Attorney-Client Privilege -
I. State the general circumstances under which the jurisdiction will treat a communication as attorney-client privileged, including identification of all required elements/circumstances.
The attorney-client privilege applies to “confidential communication[s] between an attorney and the attorney’s client.” Shook v. City of Davenport, 497 N.W.2d 883, 886 (Iowa 1993) (overruled on other grounds by Wells Dairy v. American Indus. Refrigeration, Inc., 690 N.W.2d 38 (Iowa 2004)). This privilege is codified at Iowa Code § 622.10, which explains that the privilege applies to “[a] practicing attorney…or the stenographer or confidential clerk of any such person…who obtains information by reason of the person’s employment.” The attorney-client privilege prohibits a “practicing attorney” from disclosing “confidential communication[s] properly entrusted to the person in the person’s professional capacity, and necessary and proper to enable the person to discharge the functions of the person’s office according to the usual course of practice or discipline.” Id.
The attorney-client privilege “belongs to the client alone.” Bailey v. Chicago, B. & Q.R. Co., 179 N.W.2d 560, 564 (Iowa 1970). The privilege generally attaches as soon as the client consults the attorney about potential representation, even if a formal representation does not materialize. Hansen v. Kline, 113 N.W. 504, 507 (1907). The privilege “survives the client’s death, termination of the relationship, or dismissal of a case in litigation.” Bailey, 179 N.W.2d at 564.
To qualify as privileged, the communication must be “necessary and proper to enable” the attorney to serve as the client’s legal counsel. Iowa Code § 622.10. Therefore, communications regarding matters unrelated to the attorney’s representation are not privileged.
“The attorney-client privilege is not a strategic tool designed to enable a litigant to gain an advantage by keeping evidence to himself or herself rather than sharing it with others.” Young v. Gibson, 423 N.W.2d 208, 209-10 (Iowa Ct. App. 1998). “The privilege is established so clients can communicate concerns about their legal problems without fear the communication might subsequently be used as evidence against them.” Id. “The burden is upon one claiming the attorney-client privilege to establish it.” State v. Tensley, 249 N.W.2d 659, 661 (Iowa 1977).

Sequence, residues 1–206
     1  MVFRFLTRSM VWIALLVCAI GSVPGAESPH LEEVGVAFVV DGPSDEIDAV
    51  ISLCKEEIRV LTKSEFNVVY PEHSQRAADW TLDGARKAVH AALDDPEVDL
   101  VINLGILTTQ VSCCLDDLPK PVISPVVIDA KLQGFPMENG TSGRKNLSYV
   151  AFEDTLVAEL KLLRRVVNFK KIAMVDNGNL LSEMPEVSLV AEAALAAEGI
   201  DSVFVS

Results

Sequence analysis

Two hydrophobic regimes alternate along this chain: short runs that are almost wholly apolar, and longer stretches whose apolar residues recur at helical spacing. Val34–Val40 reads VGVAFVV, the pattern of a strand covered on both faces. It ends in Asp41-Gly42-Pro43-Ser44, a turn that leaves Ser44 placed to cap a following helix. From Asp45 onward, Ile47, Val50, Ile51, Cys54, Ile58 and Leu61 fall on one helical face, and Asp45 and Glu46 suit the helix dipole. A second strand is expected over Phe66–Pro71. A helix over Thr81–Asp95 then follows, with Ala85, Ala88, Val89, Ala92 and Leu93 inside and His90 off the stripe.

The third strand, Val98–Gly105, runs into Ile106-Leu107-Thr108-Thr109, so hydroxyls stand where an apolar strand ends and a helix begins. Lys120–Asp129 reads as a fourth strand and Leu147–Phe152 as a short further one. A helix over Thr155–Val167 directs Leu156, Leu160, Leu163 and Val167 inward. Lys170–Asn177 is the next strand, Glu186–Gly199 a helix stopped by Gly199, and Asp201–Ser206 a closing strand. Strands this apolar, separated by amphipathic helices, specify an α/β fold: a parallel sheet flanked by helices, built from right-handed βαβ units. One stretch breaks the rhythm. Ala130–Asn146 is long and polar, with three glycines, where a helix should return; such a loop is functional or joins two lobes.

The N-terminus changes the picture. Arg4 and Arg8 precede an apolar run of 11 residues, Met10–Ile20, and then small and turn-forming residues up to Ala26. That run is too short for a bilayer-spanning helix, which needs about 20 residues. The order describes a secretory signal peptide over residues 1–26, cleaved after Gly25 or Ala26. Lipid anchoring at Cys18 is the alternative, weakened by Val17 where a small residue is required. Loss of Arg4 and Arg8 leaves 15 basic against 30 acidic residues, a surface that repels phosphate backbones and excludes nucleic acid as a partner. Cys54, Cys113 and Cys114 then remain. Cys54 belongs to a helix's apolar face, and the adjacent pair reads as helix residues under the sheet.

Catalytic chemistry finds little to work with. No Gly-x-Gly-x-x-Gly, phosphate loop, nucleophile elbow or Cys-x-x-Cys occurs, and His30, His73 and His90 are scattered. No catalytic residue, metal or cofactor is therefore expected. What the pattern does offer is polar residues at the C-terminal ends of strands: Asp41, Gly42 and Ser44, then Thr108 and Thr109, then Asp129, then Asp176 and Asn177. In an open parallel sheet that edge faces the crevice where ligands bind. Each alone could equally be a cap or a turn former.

II. Does the jurisdiction recognize/preserve the attorney-privilege for communications among co-defendants in joint-defense or common-interest situations? If so, what are the requirements for establishing two or more co-defendants’ communications qualify?
Iowa generally applies the privilege to communications “where two or more persons jointly consult with the same attorney to act for them in a matter of common interest.” Brandon v. West Bend Mut. Ins. Co., 681 N.W.2d 633, 639 (Iowa 2004). However, Iowa courts have not provided clear guidance on whether communications between co-defendants represented by separate counsel are protected by the attorney-client privilege. See Progressive Cas. Ins. Co. v. F.D.I.C., 49 F.Supp.3d 545, 555 (N.D. Iowa 2014) (explaining that “no Iowa courts appear to have addressed the issue of the ‘common interest’ exception to waiver.”). The general rule is that “no privilege protection ordinarily attends when a client imparts information to his attorney…for transmittal to others.” See Bailey, 179 N.W.2d at 564. Therefore, attorneys practicing in Iowa should proceed with caution before revealing privileged information to co-defendants with separate counsel, even when those co-defendants have a common interest or are asserting a joint defense.
III. Identify key pitfalls/situations likely to result in the loss of the ability to claim the protections of the privilege – e.g., failure to assert, waiver, crime-fraud exception, assertion of advice of counsel, transmittal to additional non-qualifying recipients, etc.